So yeah, it's April Fool's Day today, and not much is going on with me at the moment, so I figure I could use this time to upload some more stuff from my sketchbooks.
This is a very rough sketch for a blog post that I plan to do in the future, relating to my opinions about the newspaper comics, be they good (Calvin & Hobbes, Pearls Before Swine), bad (The Lockhorns, Blondie), or meh (The Family Circus, Hi & Lois).
Yep, two more sketches involving one of my manga-based concepts, Mikako. The top one involves Mikako running with a look of either determination or anger on her face. (I need to work on manga character side-views of the face.) The bottom involves some basic concepts, like a standing pose, another view of the flower on her head, a concept for the crystal amulet that motivates her on her journey, a back view of the head, and Mikako as a baby. If those of you lacking in artistic knowledge are wondering about those lines above and below her eyes, they're guide lines. Manga artists use them for constructing those distinct eyes and other facial features, but they're also used by other professional artists, like Disney character designers and realism artists. Considering the artistic training I took before college, both on-school and off-school, tidbits of construction info like that can serve beneficial in the long run.
Considering the bad rep clowns tend to get, what with the scaring of children and the depictions in schlocky horror flicks, I came up with a story concept to mock that, combining comedy, drama, and action, and this is a possible character design. It depicts a world where the performance of clowning in circuses and rodeos have been banned due to the frightened children and the negative depictions in media. One former clown, however, cynical over all this, doesn't want to give up the act just yet and wants to use his tricks to benefit society somehow. Through a series of events, he eventually becomes a bounty hunter/secret agent/spy/detective, using modified versions of his old clown toys to combat crime. And yes, he insists on wearing the clown make-up on the job.
This actually spawned from an idea that my friend Jess (a.k.a. Puppyluver) once came up with, that's a play on "flipping the bird", by having a bird show up where the middle finger should be. I decided to add to that idea, by coming up with an incredibly goofy-looking bird that would cover the offending digit so that it would be impossible not to laugh at it, no matter if it's the wordplay or the actual image of the guy flipping somebody off only for this outlandish looking character to suddenly show up.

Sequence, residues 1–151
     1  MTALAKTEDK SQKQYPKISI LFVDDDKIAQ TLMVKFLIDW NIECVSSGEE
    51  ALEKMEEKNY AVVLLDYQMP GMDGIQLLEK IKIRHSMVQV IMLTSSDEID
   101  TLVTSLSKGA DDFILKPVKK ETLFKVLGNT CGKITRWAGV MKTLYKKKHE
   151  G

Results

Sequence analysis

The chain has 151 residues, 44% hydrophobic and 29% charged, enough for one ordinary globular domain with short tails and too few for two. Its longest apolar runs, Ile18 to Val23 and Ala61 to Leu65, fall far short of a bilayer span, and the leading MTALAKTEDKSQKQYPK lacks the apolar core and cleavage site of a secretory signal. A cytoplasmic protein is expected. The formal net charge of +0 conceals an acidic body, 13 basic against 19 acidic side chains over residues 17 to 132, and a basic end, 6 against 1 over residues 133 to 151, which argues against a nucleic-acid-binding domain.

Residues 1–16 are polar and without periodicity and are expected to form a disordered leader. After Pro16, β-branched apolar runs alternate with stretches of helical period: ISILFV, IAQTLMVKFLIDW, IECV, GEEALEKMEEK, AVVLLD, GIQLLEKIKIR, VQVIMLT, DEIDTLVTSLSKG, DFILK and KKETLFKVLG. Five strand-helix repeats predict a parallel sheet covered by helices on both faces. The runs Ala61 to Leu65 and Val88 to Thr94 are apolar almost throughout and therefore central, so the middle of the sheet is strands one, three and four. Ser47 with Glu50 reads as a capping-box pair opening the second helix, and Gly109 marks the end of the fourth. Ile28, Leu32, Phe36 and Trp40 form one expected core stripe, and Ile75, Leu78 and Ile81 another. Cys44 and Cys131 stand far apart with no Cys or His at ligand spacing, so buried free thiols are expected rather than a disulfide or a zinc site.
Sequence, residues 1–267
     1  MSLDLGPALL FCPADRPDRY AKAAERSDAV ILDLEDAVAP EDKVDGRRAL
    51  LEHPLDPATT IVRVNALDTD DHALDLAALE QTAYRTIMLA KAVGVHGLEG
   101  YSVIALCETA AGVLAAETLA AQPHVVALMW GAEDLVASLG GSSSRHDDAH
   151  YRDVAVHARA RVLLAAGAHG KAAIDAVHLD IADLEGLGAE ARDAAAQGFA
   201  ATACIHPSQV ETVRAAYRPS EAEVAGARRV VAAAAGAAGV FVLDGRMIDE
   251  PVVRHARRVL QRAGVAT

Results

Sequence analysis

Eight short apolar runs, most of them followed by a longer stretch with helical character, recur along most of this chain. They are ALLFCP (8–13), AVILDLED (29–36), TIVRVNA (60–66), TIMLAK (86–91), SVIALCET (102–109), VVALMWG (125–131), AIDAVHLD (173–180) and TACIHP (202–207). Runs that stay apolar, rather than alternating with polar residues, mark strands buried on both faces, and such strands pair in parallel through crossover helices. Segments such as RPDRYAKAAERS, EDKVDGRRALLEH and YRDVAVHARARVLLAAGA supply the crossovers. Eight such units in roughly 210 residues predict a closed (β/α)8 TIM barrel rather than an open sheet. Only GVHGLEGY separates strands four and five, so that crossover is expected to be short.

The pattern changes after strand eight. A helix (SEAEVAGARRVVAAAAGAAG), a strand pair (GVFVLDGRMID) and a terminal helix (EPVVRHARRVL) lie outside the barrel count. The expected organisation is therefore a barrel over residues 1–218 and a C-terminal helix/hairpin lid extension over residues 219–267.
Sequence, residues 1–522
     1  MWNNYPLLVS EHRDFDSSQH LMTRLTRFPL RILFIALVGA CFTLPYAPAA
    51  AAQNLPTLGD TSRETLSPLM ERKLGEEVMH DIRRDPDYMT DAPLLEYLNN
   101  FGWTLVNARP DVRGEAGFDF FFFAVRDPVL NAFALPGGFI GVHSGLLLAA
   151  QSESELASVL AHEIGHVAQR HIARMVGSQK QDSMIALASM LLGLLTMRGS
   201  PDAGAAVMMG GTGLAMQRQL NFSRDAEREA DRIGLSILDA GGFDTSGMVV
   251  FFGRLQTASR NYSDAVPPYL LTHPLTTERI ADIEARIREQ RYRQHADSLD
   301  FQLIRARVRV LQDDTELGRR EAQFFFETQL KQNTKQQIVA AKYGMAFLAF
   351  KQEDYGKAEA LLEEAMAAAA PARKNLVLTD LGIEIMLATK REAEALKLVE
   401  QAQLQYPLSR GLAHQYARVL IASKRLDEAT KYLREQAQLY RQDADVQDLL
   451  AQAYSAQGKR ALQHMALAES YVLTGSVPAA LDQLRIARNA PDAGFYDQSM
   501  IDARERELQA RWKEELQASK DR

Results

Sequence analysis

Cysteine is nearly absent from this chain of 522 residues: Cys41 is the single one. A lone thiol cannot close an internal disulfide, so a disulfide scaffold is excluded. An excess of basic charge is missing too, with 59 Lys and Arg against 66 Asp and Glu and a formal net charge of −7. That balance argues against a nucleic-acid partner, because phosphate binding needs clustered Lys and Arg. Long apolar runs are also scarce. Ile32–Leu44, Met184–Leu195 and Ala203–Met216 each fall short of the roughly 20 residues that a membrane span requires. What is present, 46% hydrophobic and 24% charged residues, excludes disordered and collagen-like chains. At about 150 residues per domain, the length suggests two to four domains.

I don't know who exactly served as the influence of this character's design. Bob Clampett? John Kricfalusi? Ralph Bakshi? (I haven't seen much of Bakshi's work, aside from still shots and the music video for The Rolling Stones' "Harlem Shuffle," which John Kricfalusi worked on.) Ah well, it has a nice retro air to it, I think.
Just a lil' girl standing around, looking precious.
...And here's my deranged rendition of the mythological Japanese monster known as the kappa. Yeah, looks like something that came from the cartoony side of Doug TenNapel's brain, doesn't it? Heck, I'm sure that's who I was thinking off when I drew this.
Speaking of Doug TenNapel, here's Klaymen from The Neverhood game he created. I'm looking forward to Terry Scott Taylor's new "Return To The Neverhood" collaboration he did with Doug TenNapel. Considering that I've been a fan of the guy ever since I heard the enjoyably quriky music for the games by The Neverhood company and got the "Imaginarium" album, I sure hope it'll live up to my expectations and the expectations of fellow fans.